increases in relish as it does in fruition, every part of grace being rew duty and new reward.'1
• This beginning of miracles did Jesus in Cana of Gulilee,'—even there where it was prophesied long before that the people which sat in darkness should see a great light (Isai. ix. I; Matt. iv. 14-16). The Evangelist expressly, and, it would seem, pointedly, excludes from historic credit the miracles of the Infancy, which are found in such rank abundance in nearly all the apocryphal Gospels; for, of course, he does not mean that this was the first miracle which Jesus wrought in Cana, but that this miracle in Cana was the first which He wrought;' and the Church has ever regarded these words as decisive on this point. The statement is important, and connects itself with one main purpose of St. John in his Gospel, namely, to repel and remove all unreal notions concerning the person of his Lord-notions which nothing would have helped more to uphold than those merely phantastic and capricious miracles, favourites, therefore, with all manner of docetic heretics, -- which are ascribed to his infancy.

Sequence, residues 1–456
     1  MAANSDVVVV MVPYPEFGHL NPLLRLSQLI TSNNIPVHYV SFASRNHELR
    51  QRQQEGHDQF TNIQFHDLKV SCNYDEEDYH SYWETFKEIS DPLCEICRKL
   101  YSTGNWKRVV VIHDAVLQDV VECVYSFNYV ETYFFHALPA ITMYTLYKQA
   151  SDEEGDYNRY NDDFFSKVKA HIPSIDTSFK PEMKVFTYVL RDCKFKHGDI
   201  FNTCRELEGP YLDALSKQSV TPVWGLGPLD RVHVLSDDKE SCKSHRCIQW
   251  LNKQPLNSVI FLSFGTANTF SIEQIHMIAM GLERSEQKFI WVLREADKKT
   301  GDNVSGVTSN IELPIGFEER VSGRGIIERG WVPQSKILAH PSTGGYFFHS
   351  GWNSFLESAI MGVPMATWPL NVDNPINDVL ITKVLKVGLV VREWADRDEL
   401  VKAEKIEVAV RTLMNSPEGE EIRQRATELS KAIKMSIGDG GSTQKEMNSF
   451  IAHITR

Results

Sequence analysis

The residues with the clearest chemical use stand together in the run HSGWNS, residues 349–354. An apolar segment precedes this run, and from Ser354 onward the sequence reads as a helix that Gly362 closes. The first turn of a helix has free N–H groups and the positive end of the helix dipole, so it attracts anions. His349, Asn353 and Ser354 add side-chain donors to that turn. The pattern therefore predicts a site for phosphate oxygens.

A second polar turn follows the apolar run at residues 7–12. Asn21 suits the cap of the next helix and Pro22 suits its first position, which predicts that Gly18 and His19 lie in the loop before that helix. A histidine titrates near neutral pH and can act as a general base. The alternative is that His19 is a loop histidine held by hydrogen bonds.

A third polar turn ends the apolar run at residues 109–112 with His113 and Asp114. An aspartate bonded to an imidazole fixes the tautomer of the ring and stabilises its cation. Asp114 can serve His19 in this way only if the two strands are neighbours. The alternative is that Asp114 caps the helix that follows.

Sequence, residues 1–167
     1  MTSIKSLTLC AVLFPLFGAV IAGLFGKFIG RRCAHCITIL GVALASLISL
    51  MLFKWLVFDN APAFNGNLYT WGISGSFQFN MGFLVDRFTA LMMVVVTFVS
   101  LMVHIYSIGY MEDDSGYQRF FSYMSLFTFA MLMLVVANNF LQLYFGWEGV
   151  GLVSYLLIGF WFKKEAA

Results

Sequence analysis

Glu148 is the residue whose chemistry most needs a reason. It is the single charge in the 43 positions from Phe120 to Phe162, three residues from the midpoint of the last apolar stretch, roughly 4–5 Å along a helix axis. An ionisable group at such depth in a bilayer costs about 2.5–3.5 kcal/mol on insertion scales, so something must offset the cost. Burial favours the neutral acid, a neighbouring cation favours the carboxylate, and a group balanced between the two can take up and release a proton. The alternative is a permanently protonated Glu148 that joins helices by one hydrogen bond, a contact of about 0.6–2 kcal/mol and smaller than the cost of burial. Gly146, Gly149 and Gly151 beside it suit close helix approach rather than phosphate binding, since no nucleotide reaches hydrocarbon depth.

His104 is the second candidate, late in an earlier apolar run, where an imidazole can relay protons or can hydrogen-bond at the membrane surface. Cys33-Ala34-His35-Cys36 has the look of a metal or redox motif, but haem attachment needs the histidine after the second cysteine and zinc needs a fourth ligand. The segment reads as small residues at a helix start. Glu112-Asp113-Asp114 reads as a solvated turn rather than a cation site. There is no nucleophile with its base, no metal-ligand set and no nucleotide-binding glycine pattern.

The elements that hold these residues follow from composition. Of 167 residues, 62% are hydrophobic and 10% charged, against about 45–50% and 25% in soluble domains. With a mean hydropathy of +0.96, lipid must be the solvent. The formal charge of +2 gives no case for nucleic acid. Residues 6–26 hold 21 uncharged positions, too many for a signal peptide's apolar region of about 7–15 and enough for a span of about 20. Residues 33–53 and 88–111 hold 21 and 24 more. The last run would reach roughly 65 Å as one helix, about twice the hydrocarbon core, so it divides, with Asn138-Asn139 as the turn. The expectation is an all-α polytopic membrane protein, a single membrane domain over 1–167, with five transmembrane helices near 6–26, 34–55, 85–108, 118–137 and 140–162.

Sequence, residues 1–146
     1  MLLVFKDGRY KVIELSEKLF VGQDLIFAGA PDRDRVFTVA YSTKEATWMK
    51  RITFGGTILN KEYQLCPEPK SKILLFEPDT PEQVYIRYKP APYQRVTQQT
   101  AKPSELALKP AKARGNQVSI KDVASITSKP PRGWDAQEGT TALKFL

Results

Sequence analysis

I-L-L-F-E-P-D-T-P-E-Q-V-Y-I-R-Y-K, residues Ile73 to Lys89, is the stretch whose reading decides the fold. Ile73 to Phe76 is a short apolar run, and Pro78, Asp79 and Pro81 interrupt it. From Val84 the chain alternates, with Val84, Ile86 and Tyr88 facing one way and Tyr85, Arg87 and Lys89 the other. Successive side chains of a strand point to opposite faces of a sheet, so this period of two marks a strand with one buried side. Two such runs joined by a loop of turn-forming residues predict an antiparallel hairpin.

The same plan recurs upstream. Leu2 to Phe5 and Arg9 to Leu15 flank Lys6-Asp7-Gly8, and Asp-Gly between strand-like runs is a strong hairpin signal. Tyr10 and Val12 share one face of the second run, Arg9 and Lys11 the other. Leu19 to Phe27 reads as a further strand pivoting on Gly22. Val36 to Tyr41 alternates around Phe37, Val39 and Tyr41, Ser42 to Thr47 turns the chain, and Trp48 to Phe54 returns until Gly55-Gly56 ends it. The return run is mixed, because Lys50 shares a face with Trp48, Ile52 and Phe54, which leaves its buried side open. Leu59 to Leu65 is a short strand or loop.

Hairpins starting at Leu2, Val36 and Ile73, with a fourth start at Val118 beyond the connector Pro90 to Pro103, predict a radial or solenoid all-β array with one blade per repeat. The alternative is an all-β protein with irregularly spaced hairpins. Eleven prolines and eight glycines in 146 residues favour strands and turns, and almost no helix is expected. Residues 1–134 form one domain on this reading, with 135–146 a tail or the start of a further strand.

Of none less than the Son could it be affirmed that He “manifested forth his glory;' for 'glory' (Sóţa) here being no creaturely attribute but a divine, comprehended and involved in the idea of the Logos as the absolute Light, every
1 Jeremy Taylor, Life of Christ. Worthy to stand beside this, and unfolding the same thought, is that exquisite poem in The Christian Year, upon the second Sunday after Epiphany, suggested by this miracle, the Gospel of that day; while Plato (Rep. x. 613) supplies a grand heathen parallel, and, so to speak, a noble commentary on these words thus understood.
2 Thus Tertullian (De Bapt. 9) calls it, prima rudimenta potestatis suæ; and this day has been sometimes called, dies natalis virtutum Domini.
3 Thus see Epiphanius (Hær. li. 20), from whom we gather that some Catholics were inclined to admit these miracles of the Infancy, as affording an argument against the Cerinthians, and a proof that it was not at his Baptism first that the Christ was united to the man Jesus. And Euthymius (in loc.): ιστόρησεν αυτο [ο Ιωάννης], χρησιμεύουν εις το μη πιστεύειν τοις λεγομένοις παιδικούς θαύμασι του Χριστού. . Cf. Chrysostom, Hom. xvi., XX., xxii, in Joh. ; and Thilo, Cod. Apocr. p. lxxxiv, eqq.